London 2012: Capital embraces Olympic spirit
With just hours to go before 2012 London Games begin, the capital has come alive with the spirit of the Olympics.
On the south bank of the Thames, crowds of tourists mingle with Londonders keen to take a photograph of Tower Bridge adorned for the summer with the Olympic rings.
Many are dressed in union jack T-shirts or official Games-branded clothing.
Among them are the Peacock family, from Tunbridge Wells in Kent. Brothers Miles, Bradley, Fergus and Stefan spent the day outside the Olympic Park in Stratford, east London, taking in the impressive sight of the main stadium before travelling to Tower Bridge for a well-earnt ice cream.
If the boys could compete, they say, it would be at shooting, cycling or karate.
Some of the biggest draws throughout the city are the 83 6ft (2m) statues of the Olympic mascot, Wenlock, and Paralympic mascot, Mandeville, which appeared among London's cityscapes and landmarks in mid-July.
The sculptures are part of several discovery trails to help tourists negotiate the city's landmarks and hidden gems.
The figures often reflect the monument at which they are situated, or capture an element of London life. A pirate Wenlock welcomes people aboard the Golden Hinde, while a stained-glass Wenlock stands at Southwark cathedral.
Many families are seeing how many mascots they can be photographed with in one afternoon.
Fiona Hollis brought her children, Alex Berard and Luca Johnson, to the riverside for the day to sample the atmosphere "before it gets too insane".
Ms Hollis says: "All the train stations look very impressive, and, as a Briton, I am really proud of it all."
Charlie Burns, from Kent, works near London Bridge and came to the river to enjoy her lunch in the sunshine, next to one of the sculptures.
As a commuter, she had concerns about the effect on train travel.
"I am sure the Olympics will be good, but I am dreading the travelling, as the trains are already busy," she says.
Southwark Council has laid 110 pictograms on the pavement along the south bank to Tower Bridge, each depicting an Olympic sport.
Meanwhile thousands of volunteers have become ambassadors of the London Games and are peppered across the city at numerous information stations.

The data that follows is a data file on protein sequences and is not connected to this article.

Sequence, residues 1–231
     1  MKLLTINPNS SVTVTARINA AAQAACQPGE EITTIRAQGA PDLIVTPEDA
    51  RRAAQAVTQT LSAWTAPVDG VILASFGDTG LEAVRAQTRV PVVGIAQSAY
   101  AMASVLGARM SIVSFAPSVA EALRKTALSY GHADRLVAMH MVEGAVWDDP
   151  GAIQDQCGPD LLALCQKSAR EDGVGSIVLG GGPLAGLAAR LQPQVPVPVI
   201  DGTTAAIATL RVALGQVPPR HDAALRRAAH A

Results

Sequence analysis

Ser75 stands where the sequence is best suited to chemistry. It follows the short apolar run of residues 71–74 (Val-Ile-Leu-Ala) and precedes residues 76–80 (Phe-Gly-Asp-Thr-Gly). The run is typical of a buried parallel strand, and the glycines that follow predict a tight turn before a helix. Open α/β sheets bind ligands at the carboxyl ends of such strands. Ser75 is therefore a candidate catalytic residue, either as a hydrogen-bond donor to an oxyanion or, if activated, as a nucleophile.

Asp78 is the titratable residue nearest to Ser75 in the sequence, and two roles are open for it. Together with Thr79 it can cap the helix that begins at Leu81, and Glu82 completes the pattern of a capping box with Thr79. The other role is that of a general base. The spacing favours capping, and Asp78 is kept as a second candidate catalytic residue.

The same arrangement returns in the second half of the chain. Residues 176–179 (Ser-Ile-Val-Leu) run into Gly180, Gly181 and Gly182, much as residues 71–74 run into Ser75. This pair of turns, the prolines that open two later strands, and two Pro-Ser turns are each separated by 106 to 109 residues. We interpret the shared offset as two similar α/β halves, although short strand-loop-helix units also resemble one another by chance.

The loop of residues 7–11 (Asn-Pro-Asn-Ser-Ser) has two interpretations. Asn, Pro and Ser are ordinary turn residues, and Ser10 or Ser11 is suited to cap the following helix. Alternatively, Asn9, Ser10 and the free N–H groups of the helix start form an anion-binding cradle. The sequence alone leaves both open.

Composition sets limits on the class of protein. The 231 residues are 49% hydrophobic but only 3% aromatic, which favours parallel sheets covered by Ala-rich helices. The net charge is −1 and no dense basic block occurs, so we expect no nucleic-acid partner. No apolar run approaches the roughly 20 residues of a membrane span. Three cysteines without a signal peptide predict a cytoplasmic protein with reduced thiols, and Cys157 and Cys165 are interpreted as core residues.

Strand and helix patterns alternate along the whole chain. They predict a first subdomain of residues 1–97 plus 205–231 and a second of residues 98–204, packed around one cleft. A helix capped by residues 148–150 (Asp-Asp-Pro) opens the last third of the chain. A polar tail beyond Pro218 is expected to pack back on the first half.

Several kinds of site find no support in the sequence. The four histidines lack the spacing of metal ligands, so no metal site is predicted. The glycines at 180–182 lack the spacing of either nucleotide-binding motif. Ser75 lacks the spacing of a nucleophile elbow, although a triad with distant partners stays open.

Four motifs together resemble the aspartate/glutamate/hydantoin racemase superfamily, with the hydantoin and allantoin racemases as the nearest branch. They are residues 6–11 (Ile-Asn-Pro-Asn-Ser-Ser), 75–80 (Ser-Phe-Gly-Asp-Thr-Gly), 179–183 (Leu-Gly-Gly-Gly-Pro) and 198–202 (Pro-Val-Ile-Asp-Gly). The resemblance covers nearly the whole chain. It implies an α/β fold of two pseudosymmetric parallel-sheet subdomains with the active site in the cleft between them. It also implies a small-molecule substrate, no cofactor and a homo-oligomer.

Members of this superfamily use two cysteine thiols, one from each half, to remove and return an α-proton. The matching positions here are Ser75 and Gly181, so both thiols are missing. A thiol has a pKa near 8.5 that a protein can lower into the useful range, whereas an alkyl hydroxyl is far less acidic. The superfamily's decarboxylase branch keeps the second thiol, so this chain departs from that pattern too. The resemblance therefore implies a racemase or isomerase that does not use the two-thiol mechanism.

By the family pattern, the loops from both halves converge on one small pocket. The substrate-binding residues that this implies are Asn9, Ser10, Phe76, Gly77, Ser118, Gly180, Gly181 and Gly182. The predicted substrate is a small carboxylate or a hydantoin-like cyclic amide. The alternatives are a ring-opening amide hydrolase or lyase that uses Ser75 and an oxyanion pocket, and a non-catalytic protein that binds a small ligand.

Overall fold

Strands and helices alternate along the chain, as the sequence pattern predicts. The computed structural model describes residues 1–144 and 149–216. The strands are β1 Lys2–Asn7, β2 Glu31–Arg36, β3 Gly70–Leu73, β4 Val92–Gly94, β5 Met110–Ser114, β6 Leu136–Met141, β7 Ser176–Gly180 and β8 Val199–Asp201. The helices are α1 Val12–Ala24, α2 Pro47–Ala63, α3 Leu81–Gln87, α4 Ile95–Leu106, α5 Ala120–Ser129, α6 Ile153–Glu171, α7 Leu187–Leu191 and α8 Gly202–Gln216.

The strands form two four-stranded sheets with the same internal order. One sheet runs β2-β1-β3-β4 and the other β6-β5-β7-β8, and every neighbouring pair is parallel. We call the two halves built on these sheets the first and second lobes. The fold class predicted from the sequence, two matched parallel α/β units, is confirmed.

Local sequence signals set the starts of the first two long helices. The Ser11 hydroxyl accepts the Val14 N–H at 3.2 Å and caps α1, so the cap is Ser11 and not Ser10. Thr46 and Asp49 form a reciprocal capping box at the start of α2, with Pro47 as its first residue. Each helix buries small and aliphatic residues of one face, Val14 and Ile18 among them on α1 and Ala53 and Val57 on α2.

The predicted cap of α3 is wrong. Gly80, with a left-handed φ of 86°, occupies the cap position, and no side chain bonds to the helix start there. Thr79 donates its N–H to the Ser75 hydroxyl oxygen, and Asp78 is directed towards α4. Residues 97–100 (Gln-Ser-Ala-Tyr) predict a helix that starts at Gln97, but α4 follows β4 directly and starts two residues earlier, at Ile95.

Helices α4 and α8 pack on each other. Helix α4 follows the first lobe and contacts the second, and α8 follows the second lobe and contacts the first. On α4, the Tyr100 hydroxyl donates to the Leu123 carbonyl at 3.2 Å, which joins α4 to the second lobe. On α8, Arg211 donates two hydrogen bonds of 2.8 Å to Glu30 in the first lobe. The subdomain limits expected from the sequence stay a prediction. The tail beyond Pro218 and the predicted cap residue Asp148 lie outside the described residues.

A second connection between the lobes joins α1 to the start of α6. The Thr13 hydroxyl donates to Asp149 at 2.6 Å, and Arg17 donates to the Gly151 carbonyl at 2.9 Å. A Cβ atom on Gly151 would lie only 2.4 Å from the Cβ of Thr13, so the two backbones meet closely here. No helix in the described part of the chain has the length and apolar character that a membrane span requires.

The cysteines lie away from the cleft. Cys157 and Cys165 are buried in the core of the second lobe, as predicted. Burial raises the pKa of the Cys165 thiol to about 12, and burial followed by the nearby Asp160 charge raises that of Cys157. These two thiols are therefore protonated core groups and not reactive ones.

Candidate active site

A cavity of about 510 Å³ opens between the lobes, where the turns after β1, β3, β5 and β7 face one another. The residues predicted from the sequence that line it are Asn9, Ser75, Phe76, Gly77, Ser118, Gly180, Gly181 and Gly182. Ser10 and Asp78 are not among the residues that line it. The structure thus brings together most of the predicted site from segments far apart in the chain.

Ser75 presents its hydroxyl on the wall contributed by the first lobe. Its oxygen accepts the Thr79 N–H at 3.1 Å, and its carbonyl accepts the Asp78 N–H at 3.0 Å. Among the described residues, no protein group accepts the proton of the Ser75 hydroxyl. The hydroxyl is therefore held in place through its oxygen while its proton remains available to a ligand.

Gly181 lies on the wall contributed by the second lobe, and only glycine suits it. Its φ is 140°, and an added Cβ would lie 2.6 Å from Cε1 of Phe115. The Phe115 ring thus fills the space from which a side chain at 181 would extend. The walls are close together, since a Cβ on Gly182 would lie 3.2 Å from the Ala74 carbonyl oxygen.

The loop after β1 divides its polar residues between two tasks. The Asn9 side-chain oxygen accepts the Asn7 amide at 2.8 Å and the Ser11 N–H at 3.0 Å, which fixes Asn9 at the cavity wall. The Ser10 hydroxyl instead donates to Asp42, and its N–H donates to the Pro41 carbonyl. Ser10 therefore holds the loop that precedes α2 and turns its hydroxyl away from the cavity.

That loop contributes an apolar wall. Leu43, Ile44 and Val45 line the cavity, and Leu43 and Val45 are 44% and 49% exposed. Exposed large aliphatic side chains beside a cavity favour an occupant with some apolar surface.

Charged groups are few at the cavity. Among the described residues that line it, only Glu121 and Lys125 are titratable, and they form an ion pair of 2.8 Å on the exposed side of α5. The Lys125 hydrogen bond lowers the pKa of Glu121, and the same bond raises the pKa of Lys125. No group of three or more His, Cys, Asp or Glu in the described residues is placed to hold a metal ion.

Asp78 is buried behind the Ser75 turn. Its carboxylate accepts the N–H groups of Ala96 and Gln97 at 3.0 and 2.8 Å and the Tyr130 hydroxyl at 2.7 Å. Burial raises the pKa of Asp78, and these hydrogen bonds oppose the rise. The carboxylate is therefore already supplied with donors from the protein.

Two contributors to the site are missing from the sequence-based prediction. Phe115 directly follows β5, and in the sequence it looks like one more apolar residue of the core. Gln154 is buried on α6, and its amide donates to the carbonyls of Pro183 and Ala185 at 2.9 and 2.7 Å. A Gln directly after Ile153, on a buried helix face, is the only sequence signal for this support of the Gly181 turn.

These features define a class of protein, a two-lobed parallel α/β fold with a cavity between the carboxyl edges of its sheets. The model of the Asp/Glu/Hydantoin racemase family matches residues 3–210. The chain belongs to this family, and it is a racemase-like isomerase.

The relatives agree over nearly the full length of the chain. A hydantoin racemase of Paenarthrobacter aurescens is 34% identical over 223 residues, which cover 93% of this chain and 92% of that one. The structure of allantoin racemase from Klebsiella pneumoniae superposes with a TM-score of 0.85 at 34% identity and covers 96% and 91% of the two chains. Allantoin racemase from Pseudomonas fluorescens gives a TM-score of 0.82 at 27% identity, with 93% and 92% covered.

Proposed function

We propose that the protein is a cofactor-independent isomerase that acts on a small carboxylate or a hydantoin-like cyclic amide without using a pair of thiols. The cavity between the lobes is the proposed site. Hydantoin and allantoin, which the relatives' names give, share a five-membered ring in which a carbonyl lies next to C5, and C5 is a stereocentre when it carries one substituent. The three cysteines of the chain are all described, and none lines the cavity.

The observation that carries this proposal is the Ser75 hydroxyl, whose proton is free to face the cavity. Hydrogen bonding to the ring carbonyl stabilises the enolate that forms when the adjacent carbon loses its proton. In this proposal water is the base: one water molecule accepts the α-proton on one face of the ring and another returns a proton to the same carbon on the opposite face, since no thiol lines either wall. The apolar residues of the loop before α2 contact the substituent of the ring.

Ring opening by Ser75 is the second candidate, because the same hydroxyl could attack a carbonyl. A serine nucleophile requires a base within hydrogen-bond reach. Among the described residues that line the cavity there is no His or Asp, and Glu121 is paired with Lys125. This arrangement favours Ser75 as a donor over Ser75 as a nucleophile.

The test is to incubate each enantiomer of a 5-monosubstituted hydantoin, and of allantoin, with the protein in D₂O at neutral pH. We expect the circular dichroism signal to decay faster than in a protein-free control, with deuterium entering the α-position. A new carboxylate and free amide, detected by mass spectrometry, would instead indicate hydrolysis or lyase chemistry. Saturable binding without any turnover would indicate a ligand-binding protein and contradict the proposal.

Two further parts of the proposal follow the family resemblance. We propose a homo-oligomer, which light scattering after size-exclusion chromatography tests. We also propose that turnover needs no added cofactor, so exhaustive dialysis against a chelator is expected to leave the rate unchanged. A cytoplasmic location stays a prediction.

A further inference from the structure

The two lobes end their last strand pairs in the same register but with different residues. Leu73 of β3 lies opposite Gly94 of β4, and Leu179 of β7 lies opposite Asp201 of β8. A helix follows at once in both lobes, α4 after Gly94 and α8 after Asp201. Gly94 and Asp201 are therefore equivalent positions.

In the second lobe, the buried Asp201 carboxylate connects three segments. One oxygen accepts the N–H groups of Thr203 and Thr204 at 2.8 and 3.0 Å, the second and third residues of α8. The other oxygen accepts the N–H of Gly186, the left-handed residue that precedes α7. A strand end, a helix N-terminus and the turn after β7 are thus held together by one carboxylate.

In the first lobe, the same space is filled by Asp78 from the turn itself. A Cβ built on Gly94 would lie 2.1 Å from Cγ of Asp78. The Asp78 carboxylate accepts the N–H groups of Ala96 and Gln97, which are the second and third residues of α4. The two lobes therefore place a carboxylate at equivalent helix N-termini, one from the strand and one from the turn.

After three days of training, which included a security induction, a guide to cultural events in the city and an orientation day, the volunteers were unleashed on the streets to help visitors.
One of the ambassadors, Mike Marriot, says they have been handing out maps and booklets and have "been asked all sorts of things".
"It's mainly about where to see events for free. But people also want to know everything from how much water they can take into the stadium to where they can collect their tickets."
Fellow volunteer David Hastings says he has watched some of the dress rehearsal for the Olympic ceremony, but "could not give too much away".
"The ceremony reflects Britain's green and pleasant land, and some of it was very interesting.
"There are big screens around the stadium, but we were not shown what will be on them, just told a film would be shown.
"The landscape is moved around and changed by the performers, a bit like the characters in the film Transformers."
Mr Hastings adds the ceremony's director, film-maker Danny Boyle, seemed pleased at the way the trial event had gone.
Bases for many of the competing countries have been set up throughout the city.
Known as houses, the areas will provide hospitality for athletes and VIPs and some will open to the public to host medal ceremonies, exhibitions, concerts and parties.
One of the biggest has been constructed by Switzerland at Glazier Hall near Southwark Cathedral.
Among the public attractions are a climbing wall and outdoor plaza where Swiss-themed food and drink can be bought and consumed.
The Brienz School of Woodcarving is holding demonstrations of its craft, and visitors can have their facial silhouette intricately cut out in paper by experts from the Gstaad Zweisimmen craft centre.
Elsewhere, Brazil has taken over the arts and cultural centre of Somerset House on the Strand, showing more than 40 documentaries and short films by film-makers from Rio de Janerio, over the coming weeks.
The Belgian house is located among the cloisters of the 12th-Century Inner Temple in the City of London. Supporters will be able to meet athletes from the Belgian team.
Street performers along the river are hoping the increase in tourism will bring a new audience for their tried and tested acts.
Charlie Hessian has been performing dance and contact juggling in the city for more than three and a half years.
He applied to work at the Games, but accidentally stabbed himself in the eye while juggling shortly before his audition and could not take part.
He says: "London in general is pretty busy at the moment. The Games is good for the city, and I hope more tourists means an increase in revenue for acts like mine."
Tens of thousands of journalists, presenters, camera operators and producers from overseas are setting up temporary stations and sampling the atmosphere on the streets ahead of the Games.
The sport section of Arabic news network al-Jazeera were filming against the spectacular backdrop of Tower Bridge, and American film crews were finding US tourists among the crowds enjoying the summer heat.
Brazilian network Bandsports have set up a broadcast and production area inside a retired red London bus in front of the London Eye near Waterloo station.
Despite concerns about how a predicted 5.3 million visitors will affect London's infrastructure, the view on the city's streets seems to be Britons are excited and proud to host this prestigious sporting occasion.